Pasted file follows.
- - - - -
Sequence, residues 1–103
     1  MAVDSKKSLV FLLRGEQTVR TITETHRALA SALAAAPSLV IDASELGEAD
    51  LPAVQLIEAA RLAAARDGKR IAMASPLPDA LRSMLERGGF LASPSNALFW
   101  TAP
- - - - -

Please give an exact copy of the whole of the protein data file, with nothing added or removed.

Sequence, residues 1–103
     1  MAVDSKKSLV FLLRGEQTVR TITETHRALA SALAAAPSLV IDASELGEAD
    51  LPAVQLIEAA RLAAARDGKR IAMASPLPDA LRSMLERGGF LASPSNALFW
   101  TAP